War On Weeds: A New-Found Therapy

Up until about two weeks ago, there was one thing that I had not done during the pandemic, that I badly needed to do. That was to let my anger out in a truly physical and unapologetic way. Yes, I had expressed anger before. To like-minded friends and family, I had voiced my outrage at the mishandled pandemic response, the science deniers who called this crisis a “plan-demic,” and at those who defiantly refused to mask despite the alarming number of illnesses and deaths. I expressed anger when I called customer service at a nearby store, upset, that a maskless woman, had screamed at my husband, “Why are you wearing a mask, old man?  You’re going to die anyway!”  I showed anger in my letters to my representatives about the mishandling of the pandemic, and I showed more anger when I hit delete on email responses that defended their love of the dollar (and their then President) over the safety of their constituents. Each time, though, my anger turned inward, because what do you do with profound disappointment and growing fury at those who would rather spread disease than to rid it? 

Then one recent Spring day after a hard rain over a year into the pandemic, my husband and I got out our garden hand tools to weed the large flower bed that encircles our oak tree. We started side by side and then moved in opposite directions with the intention of both of us doing half the job. After we had weeded thoroughly, we’d mulch, giving the plants a further layer of protection. The bed was past due for a weeding and despite the soft soil, this would be no quick task. I donned my gardening gloves not realizing how quickly I’d be pulling them off to better grip those weeds that were about to take the brunt of my anger and frustration.

I tackled the weeds under the azaleas first, and as I pulled and dug, I thought how these weeds were attacking these healthy plants. They wouldn’t kill them, but if I didn’t intervene, they could weaken them and keep them from growing to their full potential. Not so the perennials like the wood thrift and purple salvia. The weeds would choke them out completely. How dare they attempt to harm the very plants I had nurtured and loved, and what asinine gall to cough in the faces of the periwinkle and phlox, spreading their greedy roots and killing all that was beautiful in this bed and turning it purposefully ugly and mean. It’s true that some of them made me question if I were being too ruthless today: they showed a pretty face and donned a pretty flower. Nonetheless, they unabashedly stole from the others more vulnerable than they—things like basic needs: food, water, security.  So, I shoveled and raked and stabbed and pulled with a vengeance until sweat ran down my face despite the fact that it was a cool day, stopping only to gently lift a squirming earthworm, which I now imagined as a minute essential worker that needed my compassion now more than ever, and moved it away from the growing plunder of my garden tools.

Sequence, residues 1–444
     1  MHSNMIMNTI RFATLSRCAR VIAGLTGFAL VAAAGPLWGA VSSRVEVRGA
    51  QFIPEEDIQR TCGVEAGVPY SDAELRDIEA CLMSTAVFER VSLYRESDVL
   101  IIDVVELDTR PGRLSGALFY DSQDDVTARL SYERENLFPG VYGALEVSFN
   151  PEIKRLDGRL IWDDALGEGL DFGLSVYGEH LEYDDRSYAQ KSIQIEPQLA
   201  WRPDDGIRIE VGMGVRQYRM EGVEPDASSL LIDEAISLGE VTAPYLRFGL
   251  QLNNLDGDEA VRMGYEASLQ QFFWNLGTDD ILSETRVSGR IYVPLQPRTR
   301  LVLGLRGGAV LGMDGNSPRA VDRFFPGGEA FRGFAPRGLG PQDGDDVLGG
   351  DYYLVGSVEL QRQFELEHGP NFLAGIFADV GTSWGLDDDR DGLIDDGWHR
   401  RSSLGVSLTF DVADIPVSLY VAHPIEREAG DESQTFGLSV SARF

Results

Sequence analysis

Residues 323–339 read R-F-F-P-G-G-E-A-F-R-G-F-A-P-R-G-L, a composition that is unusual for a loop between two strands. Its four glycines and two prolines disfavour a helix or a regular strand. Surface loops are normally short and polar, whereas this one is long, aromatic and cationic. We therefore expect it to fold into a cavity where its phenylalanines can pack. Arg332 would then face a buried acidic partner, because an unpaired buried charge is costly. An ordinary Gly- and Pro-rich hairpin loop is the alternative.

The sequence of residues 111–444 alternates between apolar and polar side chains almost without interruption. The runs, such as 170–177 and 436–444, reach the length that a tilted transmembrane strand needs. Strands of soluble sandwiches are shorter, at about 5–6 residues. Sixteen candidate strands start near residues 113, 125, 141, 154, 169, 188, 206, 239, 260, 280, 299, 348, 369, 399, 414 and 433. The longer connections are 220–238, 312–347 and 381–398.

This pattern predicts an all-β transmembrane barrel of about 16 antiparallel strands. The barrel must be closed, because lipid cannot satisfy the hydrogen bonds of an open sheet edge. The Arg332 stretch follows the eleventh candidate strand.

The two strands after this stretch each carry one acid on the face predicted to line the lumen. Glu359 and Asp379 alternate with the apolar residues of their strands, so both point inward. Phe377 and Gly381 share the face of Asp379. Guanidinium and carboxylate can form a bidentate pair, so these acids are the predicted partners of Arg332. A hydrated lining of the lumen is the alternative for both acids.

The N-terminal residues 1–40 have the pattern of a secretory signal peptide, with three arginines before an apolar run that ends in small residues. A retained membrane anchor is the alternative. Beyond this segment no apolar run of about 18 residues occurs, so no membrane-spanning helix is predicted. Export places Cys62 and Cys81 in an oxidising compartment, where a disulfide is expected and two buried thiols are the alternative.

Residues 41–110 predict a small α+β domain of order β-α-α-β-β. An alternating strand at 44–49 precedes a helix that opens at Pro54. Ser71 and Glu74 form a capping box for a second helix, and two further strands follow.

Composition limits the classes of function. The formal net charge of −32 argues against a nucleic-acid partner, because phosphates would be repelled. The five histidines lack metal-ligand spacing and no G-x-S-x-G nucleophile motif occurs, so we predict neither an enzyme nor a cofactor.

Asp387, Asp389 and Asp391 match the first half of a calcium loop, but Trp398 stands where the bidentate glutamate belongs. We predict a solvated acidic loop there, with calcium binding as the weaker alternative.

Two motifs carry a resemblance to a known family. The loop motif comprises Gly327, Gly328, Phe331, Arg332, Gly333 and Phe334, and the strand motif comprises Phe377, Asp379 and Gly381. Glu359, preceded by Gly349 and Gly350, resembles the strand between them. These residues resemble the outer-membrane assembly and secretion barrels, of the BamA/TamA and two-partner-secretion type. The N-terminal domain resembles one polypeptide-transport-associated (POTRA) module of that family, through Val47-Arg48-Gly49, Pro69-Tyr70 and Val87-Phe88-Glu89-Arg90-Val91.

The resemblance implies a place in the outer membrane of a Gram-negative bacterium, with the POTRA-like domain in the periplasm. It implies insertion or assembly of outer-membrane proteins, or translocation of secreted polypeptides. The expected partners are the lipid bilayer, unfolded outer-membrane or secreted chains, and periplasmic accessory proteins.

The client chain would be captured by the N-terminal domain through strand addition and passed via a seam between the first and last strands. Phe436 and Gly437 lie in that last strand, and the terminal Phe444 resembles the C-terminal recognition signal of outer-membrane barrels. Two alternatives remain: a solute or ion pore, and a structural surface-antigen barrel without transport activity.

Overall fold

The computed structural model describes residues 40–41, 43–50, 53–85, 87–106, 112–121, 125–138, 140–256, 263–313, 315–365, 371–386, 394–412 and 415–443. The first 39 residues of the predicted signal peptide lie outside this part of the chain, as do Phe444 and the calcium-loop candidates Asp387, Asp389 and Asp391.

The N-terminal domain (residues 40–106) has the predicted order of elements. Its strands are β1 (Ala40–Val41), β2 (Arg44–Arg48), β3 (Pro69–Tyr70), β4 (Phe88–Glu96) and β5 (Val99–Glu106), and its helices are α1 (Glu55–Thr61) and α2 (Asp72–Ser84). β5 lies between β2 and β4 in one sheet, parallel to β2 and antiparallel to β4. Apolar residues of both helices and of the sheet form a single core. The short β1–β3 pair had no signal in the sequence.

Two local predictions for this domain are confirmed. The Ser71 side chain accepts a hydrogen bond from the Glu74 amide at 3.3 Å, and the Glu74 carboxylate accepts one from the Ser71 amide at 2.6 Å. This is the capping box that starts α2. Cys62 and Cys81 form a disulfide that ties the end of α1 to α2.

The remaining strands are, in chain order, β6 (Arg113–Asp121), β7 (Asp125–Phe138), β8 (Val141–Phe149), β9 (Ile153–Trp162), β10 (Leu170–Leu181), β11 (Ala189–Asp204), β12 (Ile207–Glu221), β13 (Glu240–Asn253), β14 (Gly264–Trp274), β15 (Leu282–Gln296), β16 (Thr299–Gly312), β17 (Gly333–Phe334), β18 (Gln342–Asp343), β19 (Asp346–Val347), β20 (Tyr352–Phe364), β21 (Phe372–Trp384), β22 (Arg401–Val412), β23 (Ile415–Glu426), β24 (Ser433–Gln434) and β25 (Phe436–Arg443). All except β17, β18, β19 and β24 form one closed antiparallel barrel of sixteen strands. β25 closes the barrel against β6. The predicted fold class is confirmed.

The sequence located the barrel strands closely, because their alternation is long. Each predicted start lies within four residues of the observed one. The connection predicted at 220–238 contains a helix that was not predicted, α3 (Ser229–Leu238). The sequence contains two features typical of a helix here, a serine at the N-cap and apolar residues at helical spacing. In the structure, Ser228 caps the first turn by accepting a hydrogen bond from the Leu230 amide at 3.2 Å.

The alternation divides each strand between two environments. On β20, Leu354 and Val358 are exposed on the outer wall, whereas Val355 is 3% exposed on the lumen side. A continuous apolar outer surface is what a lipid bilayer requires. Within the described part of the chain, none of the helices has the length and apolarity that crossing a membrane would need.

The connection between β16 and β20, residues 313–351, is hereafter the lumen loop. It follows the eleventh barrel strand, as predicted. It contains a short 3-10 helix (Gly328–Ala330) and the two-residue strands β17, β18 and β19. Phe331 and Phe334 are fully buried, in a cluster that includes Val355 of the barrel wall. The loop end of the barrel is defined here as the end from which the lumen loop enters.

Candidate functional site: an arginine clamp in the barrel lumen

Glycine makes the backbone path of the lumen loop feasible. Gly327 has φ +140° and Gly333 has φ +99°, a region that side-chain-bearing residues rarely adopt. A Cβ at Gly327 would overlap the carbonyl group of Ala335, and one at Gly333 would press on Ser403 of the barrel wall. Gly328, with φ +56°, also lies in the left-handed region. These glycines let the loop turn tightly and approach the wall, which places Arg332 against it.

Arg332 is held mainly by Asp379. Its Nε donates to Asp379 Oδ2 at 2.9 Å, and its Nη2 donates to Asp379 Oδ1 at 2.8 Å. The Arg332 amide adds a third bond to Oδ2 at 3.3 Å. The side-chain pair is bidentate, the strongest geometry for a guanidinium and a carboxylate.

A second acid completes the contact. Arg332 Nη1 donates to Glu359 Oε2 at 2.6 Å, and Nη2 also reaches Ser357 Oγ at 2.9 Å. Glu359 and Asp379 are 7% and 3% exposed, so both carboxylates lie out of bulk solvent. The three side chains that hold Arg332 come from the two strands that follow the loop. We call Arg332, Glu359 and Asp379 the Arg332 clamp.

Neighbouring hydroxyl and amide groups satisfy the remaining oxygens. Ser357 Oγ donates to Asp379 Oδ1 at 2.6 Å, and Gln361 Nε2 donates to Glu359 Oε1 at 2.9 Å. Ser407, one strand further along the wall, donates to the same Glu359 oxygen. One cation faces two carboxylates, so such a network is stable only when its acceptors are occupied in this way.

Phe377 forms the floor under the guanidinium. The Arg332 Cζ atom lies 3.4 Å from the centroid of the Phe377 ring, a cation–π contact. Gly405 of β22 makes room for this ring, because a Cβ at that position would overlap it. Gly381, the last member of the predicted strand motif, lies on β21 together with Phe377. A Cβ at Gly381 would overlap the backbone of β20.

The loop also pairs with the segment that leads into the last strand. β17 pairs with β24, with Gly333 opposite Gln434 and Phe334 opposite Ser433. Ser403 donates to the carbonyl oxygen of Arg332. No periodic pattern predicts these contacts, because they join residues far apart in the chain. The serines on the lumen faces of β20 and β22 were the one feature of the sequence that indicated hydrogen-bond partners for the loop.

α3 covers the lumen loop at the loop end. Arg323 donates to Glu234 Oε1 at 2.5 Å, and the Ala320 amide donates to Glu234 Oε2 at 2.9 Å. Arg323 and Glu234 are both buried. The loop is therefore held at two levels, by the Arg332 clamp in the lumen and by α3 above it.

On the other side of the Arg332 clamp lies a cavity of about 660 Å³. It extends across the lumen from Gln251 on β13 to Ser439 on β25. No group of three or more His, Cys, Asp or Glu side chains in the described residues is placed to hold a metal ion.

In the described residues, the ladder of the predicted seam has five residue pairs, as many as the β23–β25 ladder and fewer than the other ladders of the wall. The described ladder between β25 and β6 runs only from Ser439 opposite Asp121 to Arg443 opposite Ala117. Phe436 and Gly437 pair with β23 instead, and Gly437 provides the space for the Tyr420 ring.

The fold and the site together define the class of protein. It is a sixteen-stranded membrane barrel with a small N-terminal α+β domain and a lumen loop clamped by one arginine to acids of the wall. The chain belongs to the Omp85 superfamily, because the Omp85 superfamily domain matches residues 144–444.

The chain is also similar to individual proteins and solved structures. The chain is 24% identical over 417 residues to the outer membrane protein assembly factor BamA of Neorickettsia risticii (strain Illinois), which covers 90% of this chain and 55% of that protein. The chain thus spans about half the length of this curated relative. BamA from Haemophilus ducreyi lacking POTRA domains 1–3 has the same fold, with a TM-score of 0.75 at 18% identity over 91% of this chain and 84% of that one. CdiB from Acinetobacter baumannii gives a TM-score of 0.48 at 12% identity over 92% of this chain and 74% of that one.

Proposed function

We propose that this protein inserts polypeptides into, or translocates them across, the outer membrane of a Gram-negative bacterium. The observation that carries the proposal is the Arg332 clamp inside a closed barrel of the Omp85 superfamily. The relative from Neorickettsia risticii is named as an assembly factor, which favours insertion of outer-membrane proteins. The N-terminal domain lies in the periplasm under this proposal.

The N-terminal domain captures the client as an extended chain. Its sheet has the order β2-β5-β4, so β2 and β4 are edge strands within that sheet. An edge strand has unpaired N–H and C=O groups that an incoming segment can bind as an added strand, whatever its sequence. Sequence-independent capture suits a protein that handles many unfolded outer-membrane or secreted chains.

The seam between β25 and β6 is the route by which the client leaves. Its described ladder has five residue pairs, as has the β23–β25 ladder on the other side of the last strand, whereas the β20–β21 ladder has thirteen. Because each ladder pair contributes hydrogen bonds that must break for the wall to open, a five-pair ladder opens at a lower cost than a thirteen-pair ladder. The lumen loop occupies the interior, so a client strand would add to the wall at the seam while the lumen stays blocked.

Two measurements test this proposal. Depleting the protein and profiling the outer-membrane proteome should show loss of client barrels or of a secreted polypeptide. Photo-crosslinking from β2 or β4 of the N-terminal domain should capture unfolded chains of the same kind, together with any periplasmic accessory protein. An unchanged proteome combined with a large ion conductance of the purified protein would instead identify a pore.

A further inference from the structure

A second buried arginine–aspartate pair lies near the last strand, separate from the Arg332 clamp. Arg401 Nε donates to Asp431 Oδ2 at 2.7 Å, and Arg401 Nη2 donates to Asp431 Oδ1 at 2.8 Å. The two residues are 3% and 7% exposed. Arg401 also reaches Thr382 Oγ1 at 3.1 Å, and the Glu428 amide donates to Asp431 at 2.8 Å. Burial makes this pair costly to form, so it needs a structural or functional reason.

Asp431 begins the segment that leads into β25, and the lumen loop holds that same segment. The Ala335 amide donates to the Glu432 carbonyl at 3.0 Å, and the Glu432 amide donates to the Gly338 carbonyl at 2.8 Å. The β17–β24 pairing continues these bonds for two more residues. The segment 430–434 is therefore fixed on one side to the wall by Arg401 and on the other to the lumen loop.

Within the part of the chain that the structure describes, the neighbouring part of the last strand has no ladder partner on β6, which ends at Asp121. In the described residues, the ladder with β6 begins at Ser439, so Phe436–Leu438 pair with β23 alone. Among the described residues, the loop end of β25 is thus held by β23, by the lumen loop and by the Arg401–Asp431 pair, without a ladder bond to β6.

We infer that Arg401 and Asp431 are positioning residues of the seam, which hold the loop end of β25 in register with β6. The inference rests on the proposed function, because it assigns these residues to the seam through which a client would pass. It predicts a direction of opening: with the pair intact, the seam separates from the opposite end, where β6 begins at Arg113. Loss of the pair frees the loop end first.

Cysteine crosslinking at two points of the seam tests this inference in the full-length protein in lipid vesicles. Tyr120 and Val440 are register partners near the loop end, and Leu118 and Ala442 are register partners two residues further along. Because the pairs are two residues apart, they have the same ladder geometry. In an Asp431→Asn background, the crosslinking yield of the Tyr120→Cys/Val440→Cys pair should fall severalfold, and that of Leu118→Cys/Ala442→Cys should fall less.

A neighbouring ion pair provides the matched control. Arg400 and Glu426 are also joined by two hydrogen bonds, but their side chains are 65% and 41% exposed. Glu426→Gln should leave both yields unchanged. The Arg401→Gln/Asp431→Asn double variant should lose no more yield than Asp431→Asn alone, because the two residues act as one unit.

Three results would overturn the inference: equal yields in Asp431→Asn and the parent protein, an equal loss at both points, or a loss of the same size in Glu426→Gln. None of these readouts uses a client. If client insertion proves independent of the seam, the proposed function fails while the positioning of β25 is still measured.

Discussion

I glanced over at Tony, now opposite me, and he seemed serene, carefully and meticulously picking and pulling with precision.  His hands calmly held the hand rake, and he seemed almost meditative as he worked. For a moment, watching him, I began to feel calm, but the feeling was short-lived.   He glanced up and pointed to a plant. “Is this something we should keep?

“Weed,” I say decisively. “Get rid of it.”

Just as we had planned, we met on the opposite side of the circle from where we began. Amazingly we both shared exactly half the task, and even more amazing is that we did an equally thorough job of ridding the bed of weeds. However, Tony’s side looked like a Zen raking, neat and smooth, while mine resembled a war zone that was pitted and pocked with the angry jabs of my shovel and rake. 

“We’re through,” Tony said, “except for the mulch.”

But I wasn’t through. A year of pent-up anger, of lost time with my family and friends, of disbelief and bewilderment and sometimes fear that the basic tenants and belief systems that I mistakenly thought most of us shared, had changed me, had made me wary, had made me want more than ever to pull my people close and to keep them safe. Thank goodness there were other flower beds in our yard that needed weeding. Thank goodness.